“Is the cup half empty or half full”? People often ask this to determine whether someone has a positive or negative outlook on life, and often in response to a stressful situation. Many theories related to employee well-being, stress and burnout look at an individual’s appraisal of the situation (i.e. their perception of whether the cup is half full or half empty) as the main influence in stress. Often, employees methods of coping may be considered maladaptive and in need of fixing, following the disease model of psychology. However, Hobfoll’s Conservation of Resources Model suggests that these individual factors do not operate in isolation; an individual’s environment and resources can greatly contribute to their levels of well-being (i.e. to what degree is the cup actually full).
To help protect the things they value, individuals build up a set of resources from their environment that help buffer against stress. While many core values are consistent among individuals (e.g. health, well-being, peace, family/whanau, self-preservation and a positive sense of self) they may also differ depending on personal beliefs, so the resources required to maintain well-being can differ among individuals. Resources that people typically utilise in their work environment include:
- Physical resources (e.g., computers, tools, car, mobile phone)
- Condition resources (e.g., supportive work relationships, seniority at work)
- Personal resources (e.g., key skills and personal traits, including self-efficacy and self-esteem)
- Energy resources (e.g., knowledge, credit, drive and ambition).
Organisations are the provider of many of these resources and Hobfoll suggests that organisations should provide as many of these as possible; as individuals strive to protect the things they value at all costs, it is in an organisations best interests to operate in coordination with these values, or risk long-term effects such as burnout, breakdown, turnover and counterproductive work behaviour.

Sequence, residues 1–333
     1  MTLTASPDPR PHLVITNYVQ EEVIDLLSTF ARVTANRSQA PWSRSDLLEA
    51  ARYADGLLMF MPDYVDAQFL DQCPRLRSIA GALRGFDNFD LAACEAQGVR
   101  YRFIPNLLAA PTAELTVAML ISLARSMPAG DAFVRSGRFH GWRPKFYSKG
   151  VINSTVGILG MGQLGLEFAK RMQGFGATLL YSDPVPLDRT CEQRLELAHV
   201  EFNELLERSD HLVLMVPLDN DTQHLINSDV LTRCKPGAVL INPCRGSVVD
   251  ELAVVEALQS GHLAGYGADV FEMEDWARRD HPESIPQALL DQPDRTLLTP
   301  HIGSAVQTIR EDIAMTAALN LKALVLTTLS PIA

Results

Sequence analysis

Hobfoll’s model is both a stress and motivational theory, it identifies how people might be impacted by stress, but also how individuals and organisations can respond to stress and protect individual resources. Studies have shown that losing resources is a key source of stress that can trigger further resource loss and stress, resulting in burnout and disengagement. If an employee is starting to see their cup as “half-empty” they may have lost many of their coping mechanisms and be at risk of losing more.
Limiting resource loss, building resources, and “keeping our cup full” is key for stress prevention. At an individual level, employees can “full their cup” by acknowledging and building their skills, confidence and knowledge. Organisations can also have a huge impact on the coping resources available to their teams and employees; they can provide supportive team environments, suitable leadership, comfortable working environments and adequate resources to complete a job without stress. In summary, both organizations and individuals have a part to play in improving employee well-being. The ideas discussed above are very general suggestions for helping employee “keep their cups full”.
What specific resources do you provide your employees to help buffer against stressful situations?
What do you encourage them to do to manager stressful situations?
Hobfoll, S. E., (2011). Conservation of resource caravans and engaged settings. Journal of Occupational and Organizational Psychology,84, 116–122.
Westman, M., Hobfoll, S. E., Shoshi, C., Davidson, O. B., Laski, S., (2005). Organizational stress through the lens of Conservation of Resources (COR) theory. In: Exploring interpersonal dynamics. Perrewé, P. L. , Ganster, D.C. (Ed.); pp. 167-220., US: Elsevier Science/JAI Press.